Sorry Akasha,

This is the point at which a conversation via the web gets tiresome 
and nit-picky. First I claim the irrelevance of your contribution, 
then you claim the irrelevance of mine.

This reply is in no way an attempt at rebuttal.

Perhaps, if we had been in the same room we would have enjoyed a 
mutually enriching conversation. Sorry it didn't work out that way.

As I stated originally, I normally really enjoy the astuteness of 
your contributions.

--- In, akasha_108 <[EMAIL PROTECTED]> 
> Your history of science lecture is a all good and fine. I agree 
> the essentials of everything your wrote. Making a lot of good 
> does not however make a good counter to the two points in question.
> They are not relevant, per my view, of the two quesions at hand.
> 1) Elements or predictions of the model or hypothesis, need 
not "yet"
> be observable phenomenon (e.g. 13 dimensions of string theory) for 
> model to be useful,  e.,g., after explaining observed phenomenon, 
> they suggest or make testable predictions. (However, it is best if
> these model elements can themselves be observed someday --  a 
> that string theory has. )
> This first point came out of a discussion whereby a devic model was
> suggested to explain SV. Peter said this would be difficult to be
> accepted by science "until observed". While not disagreeing with 
> endpoint, I suggested that theoretical models often have components
> that are not "yet" observed when the theory is proposed and cited 
> examples from the history of science. A small yet important 
> More specifically, the distinction I was making suggested that a 
> that proposes "energy and information intense structures" (aka 
> to explain SV effects should and would not be rejected out of hand
> just because the model itself involves some yet to be observed
> phenomenon (beyond the yet to be unobserved SV effects that it is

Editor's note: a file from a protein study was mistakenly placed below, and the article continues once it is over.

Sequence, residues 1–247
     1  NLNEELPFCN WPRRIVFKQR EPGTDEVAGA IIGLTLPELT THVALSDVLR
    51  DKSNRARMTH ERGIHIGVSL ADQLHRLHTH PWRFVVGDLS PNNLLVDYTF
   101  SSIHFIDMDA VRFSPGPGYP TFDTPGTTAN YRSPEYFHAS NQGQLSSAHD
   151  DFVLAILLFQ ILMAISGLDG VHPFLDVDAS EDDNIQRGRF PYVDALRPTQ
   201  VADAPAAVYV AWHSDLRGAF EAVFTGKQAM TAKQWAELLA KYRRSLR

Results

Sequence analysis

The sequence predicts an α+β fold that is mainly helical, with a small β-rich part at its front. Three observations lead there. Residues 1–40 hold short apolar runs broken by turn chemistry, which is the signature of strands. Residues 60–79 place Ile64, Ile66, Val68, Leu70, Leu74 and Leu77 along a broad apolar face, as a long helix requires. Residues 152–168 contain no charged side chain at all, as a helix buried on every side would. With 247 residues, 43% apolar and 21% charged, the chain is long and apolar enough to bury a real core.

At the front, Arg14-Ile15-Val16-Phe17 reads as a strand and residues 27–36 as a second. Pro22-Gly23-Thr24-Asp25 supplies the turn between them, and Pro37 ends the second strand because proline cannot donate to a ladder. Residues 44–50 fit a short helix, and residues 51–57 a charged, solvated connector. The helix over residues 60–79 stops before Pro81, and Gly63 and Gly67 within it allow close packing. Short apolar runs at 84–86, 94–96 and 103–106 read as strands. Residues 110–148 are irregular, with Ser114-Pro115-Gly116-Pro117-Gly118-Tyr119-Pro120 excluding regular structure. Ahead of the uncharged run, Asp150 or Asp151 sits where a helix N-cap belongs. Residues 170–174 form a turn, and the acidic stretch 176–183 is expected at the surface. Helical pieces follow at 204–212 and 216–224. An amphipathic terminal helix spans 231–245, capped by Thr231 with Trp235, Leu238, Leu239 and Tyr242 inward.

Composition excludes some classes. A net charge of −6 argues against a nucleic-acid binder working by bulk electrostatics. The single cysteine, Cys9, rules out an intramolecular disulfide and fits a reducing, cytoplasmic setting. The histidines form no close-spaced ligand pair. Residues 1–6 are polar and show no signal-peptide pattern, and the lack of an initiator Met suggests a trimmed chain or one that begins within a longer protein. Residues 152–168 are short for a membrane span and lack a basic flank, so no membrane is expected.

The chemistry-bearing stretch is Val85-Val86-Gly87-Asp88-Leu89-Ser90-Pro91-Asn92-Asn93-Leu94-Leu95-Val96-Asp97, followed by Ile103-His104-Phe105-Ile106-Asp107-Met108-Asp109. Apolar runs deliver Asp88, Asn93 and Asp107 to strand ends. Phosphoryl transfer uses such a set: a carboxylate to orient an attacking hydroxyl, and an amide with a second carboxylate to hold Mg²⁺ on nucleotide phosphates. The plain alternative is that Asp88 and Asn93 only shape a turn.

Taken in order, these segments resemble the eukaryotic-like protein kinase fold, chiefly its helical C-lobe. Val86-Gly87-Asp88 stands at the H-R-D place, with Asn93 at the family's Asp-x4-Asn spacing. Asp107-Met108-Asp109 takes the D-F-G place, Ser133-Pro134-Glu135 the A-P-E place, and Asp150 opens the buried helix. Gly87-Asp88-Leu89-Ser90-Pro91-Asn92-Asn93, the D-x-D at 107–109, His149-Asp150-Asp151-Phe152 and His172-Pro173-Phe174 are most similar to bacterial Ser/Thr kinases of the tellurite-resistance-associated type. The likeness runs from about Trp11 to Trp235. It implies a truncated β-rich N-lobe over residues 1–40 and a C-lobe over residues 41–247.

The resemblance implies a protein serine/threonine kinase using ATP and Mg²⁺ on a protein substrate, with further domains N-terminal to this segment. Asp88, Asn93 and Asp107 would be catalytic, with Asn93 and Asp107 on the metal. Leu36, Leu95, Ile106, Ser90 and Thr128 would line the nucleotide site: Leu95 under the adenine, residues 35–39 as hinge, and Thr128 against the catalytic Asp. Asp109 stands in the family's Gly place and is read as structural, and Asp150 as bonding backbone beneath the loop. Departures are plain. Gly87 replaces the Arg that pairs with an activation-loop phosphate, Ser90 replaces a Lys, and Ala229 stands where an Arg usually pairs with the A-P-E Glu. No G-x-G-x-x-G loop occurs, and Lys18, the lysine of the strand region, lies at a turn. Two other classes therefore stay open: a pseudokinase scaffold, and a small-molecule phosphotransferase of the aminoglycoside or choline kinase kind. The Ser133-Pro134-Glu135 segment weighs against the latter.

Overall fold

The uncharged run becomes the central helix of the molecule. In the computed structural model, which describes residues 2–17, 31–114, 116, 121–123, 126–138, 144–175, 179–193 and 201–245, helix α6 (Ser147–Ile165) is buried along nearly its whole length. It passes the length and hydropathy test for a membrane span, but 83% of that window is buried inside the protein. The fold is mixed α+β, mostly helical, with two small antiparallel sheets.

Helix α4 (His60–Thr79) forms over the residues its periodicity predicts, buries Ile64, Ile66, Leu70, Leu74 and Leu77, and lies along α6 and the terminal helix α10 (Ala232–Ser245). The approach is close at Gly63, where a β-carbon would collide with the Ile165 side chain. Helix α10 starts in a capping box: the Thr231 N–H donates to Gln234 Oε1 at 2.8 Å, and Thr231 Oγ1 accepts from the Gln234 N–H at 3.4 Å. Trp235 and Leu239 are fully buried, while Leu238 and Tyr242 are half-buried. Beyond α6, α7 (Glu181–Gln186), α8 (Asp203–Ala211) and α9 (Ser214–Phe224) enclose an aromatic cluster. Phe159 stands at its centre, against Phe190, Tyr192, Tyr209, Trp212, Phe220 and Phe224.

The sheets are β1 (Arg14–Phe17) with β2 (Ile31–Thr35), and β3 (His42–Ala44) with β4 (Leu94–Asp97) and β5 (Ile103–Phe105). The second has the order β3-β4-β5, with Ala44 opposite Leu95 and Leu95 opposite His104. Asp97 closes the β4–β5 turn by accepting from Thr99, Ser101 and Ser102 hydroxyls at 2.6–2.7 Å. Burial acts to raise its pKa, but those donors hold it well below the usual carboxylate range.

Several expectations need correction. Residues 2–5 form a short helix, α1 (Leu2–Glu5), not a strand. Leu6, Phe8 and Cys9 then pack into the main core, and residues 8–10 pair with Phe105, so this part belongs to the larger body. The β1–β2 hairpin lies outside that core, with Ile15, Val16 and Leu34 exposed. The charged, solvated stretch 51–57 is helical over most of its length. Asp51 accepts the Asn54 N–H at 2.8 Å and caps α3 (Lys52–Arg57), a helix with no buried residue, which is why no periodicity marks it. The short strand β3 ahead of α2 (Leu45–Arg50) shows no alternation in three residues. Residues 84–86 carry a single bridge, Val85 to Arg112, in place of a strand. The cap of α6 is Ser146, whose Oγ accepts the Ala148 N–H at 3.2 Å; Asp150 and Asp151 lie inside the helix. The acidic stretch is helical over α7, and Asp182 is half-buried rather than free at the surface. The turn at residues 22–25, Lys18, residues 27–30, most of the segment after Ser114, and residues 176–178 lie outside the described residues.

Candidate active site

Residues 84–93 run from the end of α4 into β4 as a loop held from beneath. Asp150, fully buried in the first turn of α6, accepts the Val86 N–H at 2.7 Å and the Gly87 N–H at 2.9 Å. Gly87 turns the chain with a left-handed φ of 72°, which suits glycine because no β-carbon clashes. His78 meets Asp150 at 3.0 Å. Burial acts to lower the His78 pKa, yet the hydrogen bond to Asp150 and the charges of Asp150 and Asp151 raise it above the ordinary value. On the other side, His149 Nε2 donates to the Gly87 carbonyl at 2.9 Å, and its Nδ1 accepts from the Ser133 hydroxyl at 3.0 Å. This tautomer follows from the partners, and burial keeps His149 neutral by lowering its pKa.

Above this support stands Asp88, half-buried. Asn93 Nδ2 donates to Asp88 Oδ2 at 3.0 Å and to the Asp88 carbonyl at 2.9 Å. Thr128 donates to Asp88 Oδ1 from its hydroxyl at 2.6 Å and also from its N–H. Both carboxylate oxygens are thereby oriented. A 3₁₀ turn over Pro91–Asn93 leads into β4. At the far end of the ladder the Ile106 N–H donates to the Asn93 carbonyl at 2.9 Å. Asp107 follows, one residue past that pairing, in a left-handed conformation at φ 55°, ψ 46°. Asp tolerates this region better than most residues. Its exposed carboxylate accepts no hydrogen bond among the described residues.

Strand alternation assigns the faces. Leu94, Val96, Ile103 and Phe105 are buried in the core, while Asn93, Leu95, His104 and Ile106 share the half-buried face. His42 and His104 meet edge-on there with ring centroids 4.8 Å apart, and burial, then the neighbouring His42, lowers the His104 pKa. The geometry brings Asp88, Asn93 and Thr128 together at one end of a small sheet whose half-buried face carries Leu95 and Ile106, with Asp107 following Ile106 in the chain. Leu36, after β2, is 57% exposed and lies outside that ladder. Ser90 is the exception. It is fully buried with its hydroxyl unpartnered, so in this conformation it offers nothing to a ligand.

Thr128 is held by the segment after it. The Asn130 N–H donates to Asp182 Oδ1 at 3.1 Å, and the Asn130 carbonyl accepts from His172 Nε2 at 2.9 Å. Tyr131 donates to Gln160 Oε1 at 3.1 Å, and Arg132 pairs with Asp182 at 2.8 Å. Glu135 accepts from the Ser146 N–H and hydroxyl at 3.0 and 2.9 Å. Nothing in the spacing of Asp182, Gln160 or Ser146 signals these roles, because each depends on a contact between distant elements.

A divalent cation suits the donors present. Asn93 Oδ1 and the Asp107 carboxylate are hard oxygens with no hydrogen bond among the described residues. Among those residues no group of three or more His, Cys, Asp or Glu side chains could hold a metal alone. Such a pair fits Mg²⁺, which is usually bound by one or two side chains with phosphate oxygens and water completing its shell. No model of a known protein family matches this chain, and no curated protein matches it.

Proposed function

> trying to explain). The key is whether the primary effects are
> observed by rigorous studies. If they are, then the theory 
deserves a
> closer look. 
> Per my point #1, you stated "But Einstein's ideas evolved out of 
> very science that later embraced them and much later found evidence
> for them. The SV mythology does not arise from such an evolution.
> Scientists do not necessarily want to take any old pie in the sky
> explanation for how things work and test it rigorously."
> OK, but a bit off the point. You are countering points I never 
made or
> disagreed with. Since the discussion was about explanatory models, 
> keyed on the one relevant point you made on this topic: how ideas 
> such explanatory models arise. 
> Thus my point #2: 
> 2) It doesn't matter from where the inspiration for a scientific 
> / hypthesis / explanation comes from -- it could come from a 
dream, an
> drugs, ritam, a thought experiment, OR from more traditional means.
> What matters is that the idea embodied in an explanatory model 
> provides a reasonable explaination for results arising from 
> conducted, well designed research. And that it provides a basis for
> further research by making  predictions. 
> You then decided to further ignore the points of the debate up to 
> point, and based on two sentences of contribution up to that point 
> proclaim THE new definition of the discussion "The question is not 
> what mental mechanisms scientists come up with new ideas. I was
> addressing what makes a particular set of ideas be considered
> worthwhile to follow up on." Ok, no one was arguing that, but if 
> want to make some points on it then fine. 
> So if you want to argue these two points I was actually making, I
> would be happy to read your critique. I may be wrong and well 
> sound analysis of such. 
> If you want to introduce some new points and point out their 
> to the disuccion, thats great. I simply suggest that a highly
> dismissive tone is not so consucive for such.
> If you would rather write a lot of well-written, yet irreleveant 
> the points in question), summaries from the history of science,
> perhaps to demonstrated to us your knowledge of such, thats fine 
> Just don't suggest you are effectively addresing the two points in
> question. 
> --- In, anonymousff <[EMAIL PROTECTED]> 
> > omg, I mean Akasha:
> > 
> > You usually have very astute observations to make on FFL. In 
> > case, I am quite disappointed. The question is not by what 
> > mechanisms scientists come up with new ideas. I was addressing 
> > makes a particular set of ideas be considered worthwhile to 
> > up on.
> > 
> > In the case of August Kekule, he was already a chemist. He was 
> > exploring the question of the structure of the benzene molecule 
> > his waking hours because he considered the question to be 
> > meaningful. Why? Because he knew that benzene existed as a 
> > and that there was a growing body of understanding of how 
> > are made of molecules, which in turn are made of atoms. This was 
> > understanding that chemists had (still do). On the basis of that 
> > understanding, his thought processes proceeded, some in waking 
> > in a dream. Why did he follow up on his dream? Because he knew 
> > the basis of all his preparation as a chemist and all his 
thought on 
> > this particular topic, that he was on to a solution.
> > 
> > In Einstein's case, it would be quite naïve to suppose that his